By Jason Foster
Meatpacking is a highly unionized industry in Alberta. But it hasn’t always been that way. Early meatpacking workers attempted but failed to organize unions. The first meatpacking union in Alberta was Local 78, chartered by the Trades and Labour Council of Edmonton. However, the union was unable to represent workers with any effectiveness.
Things changed in 1943 when the United Packinghouse Workers of America (UPWA) entered Canada. They quickly organized plants across the country, including the major Edmonton and Calgary plants. Declining membership in the U.S. led the UPWA to merge with the Amalgamated Meat Cutters and Butcher Workmen (AMC), a U.S. union dating back to 1897. In 1979 the AMC merged with the Retail Clerks International Union to form United Food and Commercial Workers (UFCW).
The new UFCW had workers in many industries in Alberta, including grocery stores, food production facilities, warehouses and meatpacking plants. There were more than a dozen UFCW locals in the province, including a handful representing meatpackers. During the 1980s and 1990s a series of mergers amalgamated smaller locals, eventually resulting in two UFCW locals in the province. Local 1118 had primary jurisdiction over meatpacking while Local 401 was anchored by grocery store workers. However, Local 401 held rights to workers at Lakeside as the former union that represented them until decertification, UFCW Local 740-P, had merged with 401. Locals 401 and 1118 merged in 2017, creating a single, cross-industry for Alberta. In 2020, UFCW 401 had almost 35,000 members and was the largest private sector union in the province.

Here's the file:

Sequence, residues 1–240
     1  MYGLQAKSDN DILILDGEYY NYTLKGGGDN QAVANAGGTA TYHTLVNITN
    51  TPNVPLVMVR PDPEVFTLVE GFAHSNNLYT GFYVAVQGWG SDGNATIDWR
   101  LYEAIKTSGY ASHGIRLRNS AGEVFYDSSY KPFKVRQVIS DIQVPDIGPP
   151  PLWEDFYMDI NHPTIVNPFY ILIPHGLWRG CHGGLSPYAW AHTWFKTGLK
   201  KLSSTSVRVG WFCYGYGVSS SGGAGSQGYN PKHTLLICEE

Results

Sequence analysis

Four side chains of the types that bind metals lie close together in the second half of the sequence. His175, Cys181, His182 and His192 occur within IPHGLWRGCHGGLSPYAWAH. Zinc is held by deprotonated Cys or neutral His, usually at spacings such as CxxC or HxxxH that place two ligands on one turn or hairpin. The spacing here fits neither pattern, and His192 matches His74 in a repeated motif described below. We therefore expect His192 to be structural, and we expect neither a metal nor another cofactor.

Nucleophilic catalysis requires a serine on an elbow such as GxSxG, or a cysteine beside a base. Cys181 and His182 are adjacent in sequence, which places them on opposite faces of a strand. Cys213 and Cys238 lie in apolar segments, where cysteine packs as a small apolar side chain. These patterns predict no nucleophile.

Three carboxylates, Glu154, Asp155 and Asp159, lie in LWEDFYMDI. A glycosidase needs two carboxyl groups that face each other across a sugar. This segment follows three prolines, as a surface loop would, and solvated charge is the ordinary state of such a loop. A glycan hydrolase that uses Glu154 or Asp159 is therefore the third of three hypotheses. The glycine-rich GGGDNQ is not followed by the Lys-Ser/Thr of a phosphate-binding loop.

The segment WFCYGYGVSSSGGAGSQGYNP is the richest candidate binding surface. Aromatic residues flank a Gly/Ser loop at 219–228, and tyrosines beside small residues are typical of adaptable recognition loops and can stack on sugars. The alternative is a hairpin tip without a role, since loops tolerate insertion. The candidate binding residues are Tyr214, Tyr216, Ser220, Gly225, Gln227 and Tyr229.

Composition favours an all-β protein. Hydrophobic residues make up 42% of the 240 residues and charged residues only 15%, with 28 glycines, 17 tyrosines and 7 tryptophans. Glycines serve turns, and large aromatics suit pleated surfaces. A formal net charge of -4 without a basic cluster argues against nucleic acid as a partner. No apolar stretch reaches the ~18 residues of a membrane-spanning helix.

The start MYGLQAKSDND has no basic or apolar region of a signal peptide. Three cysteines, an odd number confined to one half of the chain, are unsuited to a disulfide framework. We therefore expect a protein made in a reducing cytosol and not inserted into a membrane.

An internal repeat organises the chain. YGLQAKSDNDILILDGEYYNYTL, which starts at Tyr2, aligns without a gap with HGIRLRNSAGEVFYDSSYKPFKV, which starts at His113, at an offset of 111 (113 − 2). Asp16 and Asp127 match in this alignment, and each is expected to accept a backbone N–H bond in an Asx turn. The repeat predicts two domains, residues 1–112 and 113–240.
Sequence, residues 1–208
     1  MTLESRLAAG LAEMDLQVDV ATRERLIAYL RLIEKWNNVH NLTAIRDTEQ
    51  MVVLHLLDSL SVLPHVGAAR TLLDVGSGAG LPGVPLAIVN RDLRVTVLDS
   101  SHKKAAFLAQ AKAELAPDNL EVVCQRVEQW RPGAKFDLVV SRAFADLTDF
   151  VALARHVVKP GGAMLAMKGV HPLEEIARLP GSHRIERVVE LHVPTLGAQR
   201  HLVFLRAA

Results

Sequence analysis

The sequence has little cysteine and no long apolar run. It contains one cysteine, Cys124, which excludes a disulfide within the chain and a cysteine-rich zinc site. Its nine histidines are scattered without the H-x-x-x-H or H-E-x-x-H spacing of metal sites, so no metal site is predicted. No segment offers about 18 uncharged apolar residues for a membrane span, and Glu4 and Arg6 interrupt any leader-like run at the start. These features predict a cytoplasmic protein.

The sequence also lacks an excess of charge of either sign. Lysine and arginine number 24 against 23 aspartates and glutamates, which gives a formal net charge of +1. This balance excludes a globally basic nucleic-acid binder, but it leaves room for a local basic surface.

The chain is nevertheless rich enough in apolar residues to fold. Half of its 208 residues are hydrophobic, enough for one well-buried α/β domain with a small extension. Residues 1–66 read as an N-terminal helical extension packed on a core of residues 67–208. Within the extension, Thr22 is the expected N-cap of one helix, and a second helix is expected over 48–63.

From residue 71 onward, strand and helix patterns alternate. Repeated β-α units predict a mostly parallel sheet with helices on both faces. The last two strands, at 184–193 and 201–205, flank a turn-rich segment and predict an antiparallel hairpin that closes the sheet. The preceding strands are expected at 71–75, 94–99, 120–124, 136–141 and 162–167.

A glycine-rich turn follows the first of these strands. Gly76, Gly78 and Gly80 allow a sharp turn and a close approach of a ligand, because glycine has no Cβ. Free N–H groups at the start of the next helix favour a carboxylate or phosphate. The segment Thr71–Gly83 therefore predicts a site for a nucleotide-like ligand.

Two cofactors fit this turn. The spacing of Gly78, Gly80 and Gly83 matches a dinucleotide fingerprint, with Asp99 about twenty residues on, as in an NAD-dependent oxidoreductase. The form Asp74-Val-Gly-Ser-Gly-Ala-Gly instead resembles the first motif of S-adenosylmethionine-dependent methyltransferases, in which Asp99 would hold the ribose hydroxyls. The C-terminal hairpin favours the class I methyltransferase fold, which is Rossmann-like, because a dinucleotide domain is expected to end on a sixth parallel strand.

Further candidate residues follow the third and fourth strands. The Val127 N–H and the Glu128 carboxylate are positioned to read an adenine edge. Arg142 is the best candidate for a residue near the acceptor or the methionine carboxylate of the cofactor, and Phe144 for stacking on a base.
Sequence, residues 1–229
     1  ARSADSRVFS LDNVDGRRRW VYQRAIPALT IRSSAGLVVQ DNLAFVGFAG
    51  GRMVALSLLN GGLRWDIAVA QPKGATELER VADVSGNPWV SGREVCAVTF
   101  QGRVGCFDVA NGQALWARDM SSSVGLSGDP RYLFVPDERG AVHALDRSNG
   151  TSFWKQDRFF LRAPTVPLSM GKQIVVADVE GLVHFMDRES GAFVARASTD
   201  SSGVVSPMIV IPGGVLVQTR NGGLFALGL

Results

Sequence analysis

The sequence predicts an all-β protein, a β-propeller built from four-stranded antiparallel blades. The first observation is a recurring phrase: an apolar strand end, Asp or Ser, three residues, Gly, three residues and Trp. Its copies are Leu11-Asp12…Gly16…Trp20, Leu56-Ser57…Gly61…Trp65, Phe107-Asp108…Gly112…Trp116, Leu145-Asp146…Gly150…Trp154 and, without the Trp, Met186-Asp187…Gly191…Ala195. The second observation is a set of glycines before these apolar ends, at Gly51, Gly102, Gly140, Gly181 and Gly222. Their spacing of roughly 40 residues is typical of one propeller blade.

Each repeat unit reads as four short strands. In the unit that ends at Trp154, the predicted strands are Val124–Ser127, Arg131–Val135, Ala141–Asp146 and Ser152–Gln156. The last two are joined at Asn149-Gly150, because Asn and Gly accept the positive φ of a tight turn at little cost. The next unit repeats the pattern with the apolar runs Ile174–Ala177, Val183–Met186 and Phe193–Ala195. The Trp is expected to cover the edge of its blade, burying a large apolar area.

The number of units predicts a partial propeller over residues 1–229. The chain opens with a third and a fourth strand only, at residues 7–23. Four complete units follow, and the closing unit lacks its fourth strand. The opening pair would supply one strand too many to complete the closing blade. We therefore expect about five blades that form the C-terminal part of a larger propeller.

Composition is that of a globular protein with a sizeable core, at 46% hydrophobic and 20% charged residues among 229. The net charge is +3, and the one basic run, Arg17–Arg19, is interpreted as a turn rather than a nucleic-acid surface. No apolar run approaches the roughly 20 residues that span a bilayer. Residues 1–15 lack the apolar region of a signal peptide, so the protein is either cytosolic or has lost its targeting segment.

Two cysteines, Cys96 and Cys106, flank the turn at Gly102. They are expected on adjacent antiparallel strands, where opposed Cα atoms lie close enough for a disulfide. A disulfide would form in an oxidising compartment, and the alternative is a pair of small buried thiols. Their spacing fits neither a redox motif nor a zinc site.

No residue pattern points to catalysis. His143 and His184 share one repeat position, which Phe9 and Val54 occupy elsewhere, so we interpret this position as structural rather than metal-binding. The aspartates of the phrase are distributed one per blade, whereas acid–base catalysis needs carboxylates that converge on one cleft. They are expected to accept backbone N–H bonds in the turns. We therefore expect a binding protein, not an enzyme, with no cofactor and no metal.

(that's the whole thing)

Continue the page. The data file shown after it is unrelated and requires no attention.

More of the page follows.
Read ALHI’s pamphlet: On the Line: Struggles of Alberta’s Packing Plant Workers
Visit: Packingtown Edmonton